A broad neuron-centric conception of contextual modulation is reviewed and re-assessed in the light of recent neurobiological studies of amplification, suppression, and synchronization. Behavioural and computational studies of perceptual and higher cognitive functions that depend on these processes are outlined, and evidence that those functions and their neuronal mechanisms are impaired in schizophrenia is summarized. Finally, we compare and assess the long-term biological functions of contextual modulation at the level of computational theory as formalized by the theories of coherent infomax and free energy reduction. We conclude that those theories, together with the many empirical findings reviewed, show how contextual modulation at the neuronal level enables the cortex to flexibly adapt the use of its knowledge to current circumstances by amplifying and grouping relevant activities and by suppressing irrelevant activities. © 2015 Elsevier Ltd. Source


Silverstein S.M.,Rutgers Biomedical and Health science | Rosen R.,New York Eye and Ear Infirmary of Mount Sinai
Schizophrenia Research: Cognition | Year: 2015

Although visual processing impairments are common in schizophrenia, it is not clear to what extent these originate in the eye vs. the brain. This review highlights potential contributions, from the retina and other structures of the eye, to visual processing impairments in schizophrenia and high-risk states. A second goal is to evaluate the status of retinal abnormalities as biomarkers for schizophrenia. The review was motivated by known retinal changes in other disorders (e.g., Parkinson's disease, multiple sclerosis), and their relationships to perceptual and cognitive impairments, and disease progression therein. The evidence reviewed suggests two major conclusions. One is that there are multiple structural and functional disturbances of the eye in schizophrenia, all of which could be factors in the visual disturbances of patients. These include retinal venule widening, retinal nerve fiber layer thinning, dopaminergic abnormalities, abnormal ouput of retinal cells as measured by electroretinography (ERG), maculopathies and retinopathies, cataracts, poor acuity, and strabismus. Some of these are likely to be illness-related, whereas others may be due to medication or comorbid conditions. The second conclusion is that certain retinal findings can serve as biomarkers of neural pathology, and disease progression, in schizophrenia. The strongest evidence for this to date involves findings of widened retinal venules, thinning of the retinal nerve fiber layer, and abnormal ERG amplitudes. These data suggest that a greater understanding of the contribution of retinal and other ocular pathology to the visual and cognitive disturbances of schizophrenia is warranted, and that retinal changes have untapped clinical utility. © 2015 The Authors. Source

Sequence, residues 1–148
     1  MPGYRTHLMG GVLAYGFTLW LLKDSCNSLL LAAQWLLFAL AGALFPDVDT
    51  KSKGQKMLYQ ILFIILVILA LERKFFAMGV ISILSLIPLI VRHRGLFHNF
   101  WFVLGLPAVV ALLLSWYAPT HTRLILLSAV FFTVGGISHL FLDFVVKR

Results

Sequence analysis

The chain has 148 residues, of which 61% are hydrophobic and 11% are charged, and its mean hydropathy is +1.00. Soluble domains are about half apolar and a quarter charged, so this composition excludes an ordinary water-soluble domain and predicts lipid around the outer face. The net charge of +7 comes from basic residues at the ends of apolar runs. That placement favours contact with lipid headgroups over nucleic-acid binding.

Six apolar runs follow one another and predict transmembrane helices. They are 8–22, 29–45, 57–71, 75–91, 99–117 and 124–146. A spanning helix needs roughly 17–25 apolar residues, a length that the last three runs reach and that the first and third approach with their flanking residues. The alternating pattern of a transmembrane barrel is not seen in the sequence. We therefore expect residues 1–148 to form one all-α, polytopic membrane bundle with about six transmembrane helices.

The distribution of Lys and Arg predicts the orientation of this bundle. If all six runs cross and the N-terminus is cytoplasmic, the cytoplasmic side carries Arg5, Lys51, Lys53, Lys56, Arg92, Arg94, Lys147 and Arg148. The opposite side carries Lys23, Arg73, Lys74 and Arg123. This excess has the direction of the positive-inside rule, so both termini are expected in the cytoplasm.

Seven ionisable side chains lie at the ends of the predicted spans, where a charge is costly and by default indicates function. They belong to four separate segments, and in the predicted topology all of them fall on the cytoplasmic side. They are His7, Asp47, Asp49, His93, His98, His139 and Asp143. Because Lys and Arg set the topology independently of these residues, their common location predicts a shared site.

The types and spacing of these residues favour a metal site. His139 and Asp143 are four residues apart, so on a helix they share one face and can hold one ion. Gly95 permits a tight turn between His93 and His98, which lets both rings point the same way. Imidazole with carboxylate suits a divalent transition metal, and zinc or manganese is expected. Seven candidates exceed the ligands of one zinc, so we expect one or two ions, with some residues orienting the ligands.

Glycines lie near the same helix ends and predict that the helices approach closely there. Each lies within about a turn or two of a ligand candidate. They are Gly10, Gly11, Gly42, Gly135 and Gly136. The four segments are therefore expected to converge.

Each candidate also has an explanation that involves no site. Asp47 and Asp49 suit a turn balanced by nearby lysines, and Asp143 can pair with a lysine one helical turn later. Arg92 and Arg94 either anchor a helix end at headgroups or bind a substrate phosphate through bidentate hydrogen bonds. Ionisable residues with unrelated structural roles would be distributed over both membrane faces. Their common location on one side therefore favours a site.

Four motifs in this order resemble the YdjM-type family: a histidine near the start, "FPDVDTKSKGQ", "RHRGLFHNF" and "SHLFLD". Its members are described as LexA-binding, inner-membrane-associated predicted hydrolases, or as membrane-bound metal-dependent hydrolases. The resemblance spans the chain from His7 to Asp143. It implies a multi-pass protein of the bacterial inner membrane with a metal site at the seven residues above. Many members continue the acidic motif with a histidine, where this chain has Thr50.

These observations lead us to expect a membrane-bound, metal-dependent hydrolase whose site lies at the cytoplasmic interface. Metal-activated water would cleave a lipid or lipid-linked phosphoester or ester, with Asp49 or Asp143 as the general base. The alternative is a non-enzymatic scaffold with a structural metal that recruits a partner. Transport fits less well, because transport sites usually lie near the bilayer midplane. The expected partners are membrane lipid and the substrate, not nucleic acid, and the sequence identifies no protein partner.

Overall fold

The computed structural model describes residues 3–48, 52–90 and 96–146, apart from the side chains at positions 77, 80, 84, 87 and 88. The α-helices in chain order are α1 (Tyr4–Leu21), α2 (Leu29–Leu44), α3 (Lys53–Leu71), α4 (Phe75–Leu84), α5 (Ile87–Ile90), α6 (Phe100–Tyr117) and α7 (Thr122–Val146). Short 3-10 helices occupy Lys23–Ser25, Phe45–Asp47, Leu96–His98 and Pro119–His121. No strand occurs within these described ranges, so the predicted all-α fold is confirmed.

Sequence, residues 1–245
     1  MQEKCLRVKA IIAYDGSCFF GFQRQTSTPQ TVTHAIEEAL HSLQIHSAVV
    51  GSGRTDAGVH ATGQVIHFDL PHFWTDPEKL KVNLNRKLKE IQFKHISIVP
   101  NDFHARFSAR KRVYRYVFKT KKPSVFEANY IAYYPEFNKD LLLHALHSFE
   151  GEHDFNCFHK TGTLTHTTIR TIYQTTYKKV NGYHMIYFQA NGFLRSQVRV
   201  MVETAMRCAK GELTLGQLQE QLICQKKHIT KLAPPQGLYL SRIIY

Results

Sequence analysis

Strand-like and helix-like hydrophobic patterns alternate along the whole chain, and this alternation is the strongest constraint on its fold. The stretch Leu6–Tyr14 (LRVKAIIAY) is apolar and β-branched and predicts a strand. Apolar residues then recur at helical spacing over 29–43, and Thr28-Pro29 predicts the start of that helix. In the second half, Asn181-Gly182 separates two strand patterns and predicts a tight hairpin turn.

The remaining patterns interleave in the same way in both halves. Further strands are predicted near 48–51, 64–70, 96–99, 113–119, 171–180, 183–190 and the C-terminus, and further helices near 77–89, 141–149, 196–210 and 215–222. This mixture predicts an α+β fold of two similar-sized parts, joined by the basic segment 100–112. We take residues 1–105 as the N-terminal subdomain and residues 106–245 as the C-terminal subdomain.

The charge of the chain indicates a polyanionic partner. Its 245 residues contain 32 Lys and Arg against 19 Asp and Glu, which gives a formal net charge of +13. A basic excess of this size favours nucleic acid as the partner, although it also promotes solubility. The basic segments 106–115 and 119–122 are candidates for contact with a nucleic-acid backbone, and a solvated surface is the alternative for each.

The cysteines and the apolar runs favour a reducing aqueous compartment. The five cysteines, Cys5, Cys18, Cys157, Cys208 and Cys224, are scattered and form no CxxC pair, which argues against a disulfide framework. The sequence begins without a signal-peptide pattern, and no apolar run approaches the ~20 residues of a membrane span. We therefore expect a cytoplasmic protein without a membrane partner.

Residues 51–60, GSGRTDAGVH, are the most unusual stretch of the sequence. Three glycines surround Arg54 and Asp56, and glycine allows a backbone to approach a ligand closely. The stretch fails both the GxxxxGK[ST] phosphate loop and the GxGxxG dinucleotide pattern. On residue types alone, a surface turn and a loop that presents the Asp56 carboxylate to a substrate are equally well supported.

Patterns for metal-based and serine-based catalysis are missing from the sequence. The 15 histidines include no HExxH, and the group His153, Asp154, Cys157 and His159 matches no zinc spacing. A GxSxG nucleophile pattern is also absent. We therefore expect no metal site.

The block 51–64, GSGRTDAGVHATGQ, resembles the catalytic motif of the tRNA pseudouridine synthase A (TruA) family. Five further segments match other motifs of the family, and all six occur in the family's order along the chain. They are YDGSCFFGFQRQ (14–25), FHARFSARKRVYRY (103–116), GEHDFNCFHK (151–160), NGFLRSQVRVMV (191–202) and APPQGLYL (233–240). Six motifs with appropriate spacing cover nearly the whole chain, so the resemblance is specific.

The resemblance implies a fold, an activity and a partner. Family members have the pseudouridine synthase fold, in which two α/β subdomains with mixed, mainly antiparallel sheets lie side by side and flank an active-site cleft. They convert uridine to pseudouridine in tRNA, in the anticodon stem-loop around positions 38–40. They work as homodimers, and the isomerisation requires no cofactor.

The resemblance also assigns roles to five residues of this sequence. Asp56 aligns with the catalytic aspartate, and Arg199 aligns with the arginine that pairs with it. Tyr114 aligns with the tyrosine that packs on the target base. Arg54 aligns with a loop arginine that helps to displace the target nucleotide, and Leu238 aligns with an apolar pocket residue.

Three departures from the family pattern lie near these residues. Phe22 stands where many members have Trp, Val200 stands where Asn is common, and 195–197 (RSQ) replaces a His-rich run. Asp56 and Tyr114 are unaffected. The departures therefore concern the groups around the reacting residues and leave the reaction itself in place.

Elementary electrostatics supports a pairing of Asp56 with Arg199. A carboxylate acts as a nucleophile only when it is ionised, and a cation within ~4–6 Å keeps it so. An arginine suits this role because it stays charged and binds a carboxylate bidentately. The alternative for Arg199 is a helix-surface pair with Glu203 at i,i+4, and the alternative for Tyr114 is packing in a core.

Therrien M.,University of Maine, United States | Byham-Gray L.,Clinical Nutrition | Denmark R.,Rutgers Biomedical and Health science | Beto J.,Loyola University
Journal of Renal Nutrition | Year: 2014